This Article proceeds as follows: Part II articulates the jurisprudential underpinnings of the Imperative. Part III examines the economic theory and assumptions reflected in Imperative-driven decisions, as well as the interpretive methodology that has evolved across a range of judicial decisions and legislative enactments. Part IV introduces a recent ...


Corporations, Veils, And International Criminal Liability, Ronald Slye Jan 2008

Corporations, Veils, And International Criminal Liability, Ronald Slye

Faculty Scholarship

This article investigates the issue of corporations and their criminal liability. Specifically, it outlines general arguments surrounding the issue. It provides more of a broad overview, identifying the key arguments that are typically made for applying criminal liability to corporations.


The Enron Trial Drama: A New Case For Stakeholder Theory, Russell Powell Jan 2007

The Enron Trial Drama: A New Case For Stakeholder Theory, Russell Powell

Faculty Scholarship

This article analyzes the trial of Jeffrey Skilling and Kenneth Lay, including an empirical analysis of jury comments made after the trial. The study indicates that the jury was influenced by the scope of the Enron collapse and its impact on employees, in particular. The article argues that if juries (or judges) are influenced by the magnitude of harm caused by fraudulent, disloyal behavior, especially when it impacts large numbers of working and middle-class employees, it is likely that the same factors will impact the outcome of derivative suits claiming breaches in fiduciary duties brought against officers and perhaps even ...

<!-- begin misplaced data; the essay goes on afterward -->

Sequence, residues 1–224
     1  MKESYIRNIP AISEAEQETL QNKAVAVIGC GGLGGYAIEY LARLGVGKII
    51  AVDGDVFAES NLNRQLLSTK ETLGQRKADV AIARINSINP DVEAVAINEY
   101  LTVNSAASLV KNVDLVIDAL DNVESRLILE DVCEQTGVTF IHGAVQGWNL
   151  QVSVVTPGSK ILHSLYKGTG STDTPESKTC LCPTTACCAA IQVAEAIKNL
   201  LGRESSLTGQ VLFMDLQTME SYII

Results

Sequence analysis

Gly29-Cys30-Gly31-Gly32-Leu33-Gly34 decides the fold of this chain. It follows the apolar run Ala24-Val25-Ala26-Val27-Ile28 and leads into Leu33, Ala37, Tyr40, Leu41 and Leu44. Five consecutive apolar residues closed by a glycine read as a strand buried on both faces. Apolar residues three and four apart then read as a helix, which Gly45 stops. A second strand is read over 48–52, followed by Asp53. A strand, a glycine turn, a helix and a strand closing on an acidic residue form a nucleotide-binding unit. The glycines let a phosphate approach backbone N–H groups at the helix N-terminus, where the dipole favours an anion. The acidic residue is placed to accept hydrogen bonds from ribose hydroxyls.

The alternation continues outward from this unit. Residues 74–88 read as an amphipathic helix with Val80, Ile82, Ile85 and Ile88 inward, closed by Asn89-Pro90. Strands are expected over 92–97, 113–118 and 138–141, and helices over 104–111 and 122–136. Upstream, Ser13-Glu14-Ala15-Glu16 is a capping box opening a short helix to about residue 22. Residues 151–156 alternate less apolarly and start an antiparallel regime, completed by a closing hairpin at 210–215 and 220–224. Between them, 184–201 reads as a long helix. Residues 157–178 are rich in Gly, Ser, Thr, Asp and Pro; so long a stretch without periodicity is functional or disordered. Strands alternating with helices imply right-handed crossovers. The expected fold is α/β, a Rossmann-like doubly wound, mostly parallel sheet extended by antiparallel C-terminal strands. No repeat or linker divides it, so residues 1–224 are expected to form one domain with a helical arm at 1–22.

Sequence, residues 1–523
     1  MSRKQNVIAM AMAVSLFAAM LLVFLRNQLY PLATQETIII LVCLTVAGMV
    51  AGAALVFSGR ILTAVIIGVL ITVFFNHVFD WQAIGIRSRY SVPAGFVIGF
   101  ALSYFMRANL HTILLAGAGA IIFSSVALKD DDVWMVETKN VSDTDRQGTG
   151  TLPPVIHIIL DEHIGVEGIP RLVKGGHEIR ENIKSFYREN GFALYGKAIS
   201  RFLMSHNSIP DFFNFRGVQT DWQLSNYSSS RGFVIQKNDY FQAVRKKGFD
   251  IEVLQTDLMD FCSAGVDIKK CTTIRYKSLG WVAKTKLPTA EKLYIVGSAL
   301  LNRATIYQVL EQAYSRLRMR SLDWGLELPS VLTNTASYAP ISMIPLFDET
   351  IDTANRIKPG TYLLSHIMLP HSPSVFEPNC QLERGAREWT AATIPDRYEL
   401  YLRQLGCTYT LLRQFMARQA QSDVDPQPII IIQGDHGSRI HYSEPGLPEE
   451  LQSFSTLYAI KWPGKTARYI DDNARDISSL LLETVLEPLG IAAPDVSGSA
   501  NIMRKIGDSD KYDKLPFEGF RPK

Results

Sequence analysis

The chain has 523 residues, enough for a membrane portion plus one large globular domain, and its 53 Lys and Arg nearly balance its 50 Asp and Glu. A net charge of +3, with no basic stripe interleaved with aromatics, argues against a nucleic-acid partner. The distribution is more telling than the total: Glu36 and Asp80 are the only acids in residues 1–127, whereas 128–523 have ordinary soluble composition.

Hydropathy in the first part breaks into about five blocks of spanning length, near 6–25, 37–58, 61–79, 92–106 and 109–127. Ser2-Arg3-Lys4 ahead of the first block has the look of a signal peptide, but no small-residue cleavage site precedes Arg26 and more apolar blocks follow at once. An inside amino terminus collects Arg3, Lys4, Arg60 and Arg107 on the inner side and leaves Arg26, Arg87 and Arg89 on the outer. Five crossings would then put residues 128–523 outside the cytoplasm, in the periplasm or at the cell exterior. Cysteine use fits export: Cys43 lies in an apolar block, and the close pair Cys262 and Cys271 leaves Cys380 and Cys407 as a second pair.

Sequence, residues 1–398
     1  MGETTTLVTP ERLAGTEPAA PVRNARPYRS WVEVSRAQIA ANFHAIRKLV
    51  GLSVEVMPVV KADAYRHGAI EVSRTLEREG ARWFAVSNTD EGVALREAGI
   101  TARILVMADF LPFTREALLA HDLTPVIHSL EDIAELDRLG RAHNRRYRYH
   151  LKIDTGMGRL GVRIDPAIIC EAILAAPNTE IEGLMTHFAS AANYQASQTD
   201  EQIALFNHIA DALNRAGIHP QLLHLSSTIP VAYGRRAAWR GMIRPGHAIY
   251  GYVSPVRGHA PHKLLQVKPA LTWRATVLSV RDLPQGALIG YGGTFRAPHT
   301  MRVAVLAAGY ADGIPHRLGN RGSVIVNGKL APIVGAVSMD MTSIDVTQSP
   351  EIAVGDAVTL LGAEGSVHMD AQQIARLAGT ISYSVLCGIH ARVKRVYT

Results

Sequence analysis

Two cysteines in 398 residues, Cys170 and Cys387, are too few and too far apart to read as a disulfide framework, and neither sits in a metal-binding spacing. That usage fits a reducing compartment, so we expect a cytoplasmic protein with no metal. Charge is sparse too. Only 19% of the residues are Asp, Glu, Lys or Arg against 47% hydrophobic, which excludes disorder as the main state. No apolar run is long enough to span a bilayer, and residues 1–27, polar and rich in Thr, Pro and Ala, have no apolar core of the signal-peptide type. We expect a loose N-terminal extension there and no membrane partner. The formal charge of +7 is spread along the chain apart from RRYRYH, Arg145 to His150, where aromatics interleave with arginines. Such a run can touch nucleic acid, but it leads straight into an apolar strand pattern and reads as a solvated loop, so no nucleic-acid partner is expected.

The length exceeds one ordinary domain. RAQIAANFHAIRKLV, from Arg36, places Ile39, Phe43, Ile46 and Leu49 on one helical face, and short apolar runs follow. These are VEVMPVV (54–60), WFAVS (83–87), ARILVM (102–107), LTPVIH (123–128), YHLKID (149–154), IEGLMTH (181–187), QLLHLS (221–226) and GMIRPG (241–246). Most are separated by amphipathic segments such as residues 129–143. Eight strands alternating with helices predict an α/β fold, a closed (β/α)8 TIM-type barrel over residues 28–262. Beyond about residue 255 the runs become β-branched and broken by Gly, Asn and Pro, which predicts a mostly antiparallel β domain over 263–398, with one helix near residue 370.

The Entrepreneur And The Theory Of The Modern Corporation, Charles O'Kelley Jan 2006

The Entrepreneur And The Theory Of The Modern Corporation, Charles O'Kelley

Faculty Scholarship

The foremost description of the classic entrepreneur, immediately prior to the Great Depression and now, was presented by Frank Knight in his seminal work, Risk, Uncertainty, and Profit. In this Article, I will explicate Knight's theory of the entrepreneur and show how it relates to both the Berle-Means Paradigm and the nexus-of-contracts theory of the corporation. My effort here is in part intellectual history and in part the tentative beginnings of a new positive account of the corporation. In the latter regard, this Article takes only the first step in what may prove a quite exhaustive effort to re-plow ...


Delaware Corporation Law And Transaction Cost Engineering, Charles O'Kelley Jan 2000

Delaware Corporation Law And Transaction Cost Engineering, Charles O'Kelley

Faculty Scholarship

Professor O’Kelley believes that a very good way to teach Corporations is to structure the course around a core goal – to teach Delaware corporate law systematically – not just bits and pieces of it, but the entire system, much the way the teaching of constitutional law is approached. This essay is an elaboration of his reasoning and strategies, organized as a presentation and discussion of the core rationales for organizing the course in this way. The first justification flows axiomatically from the following proposition: we create value for many of our students, and harm none, by giving them an opportunity ...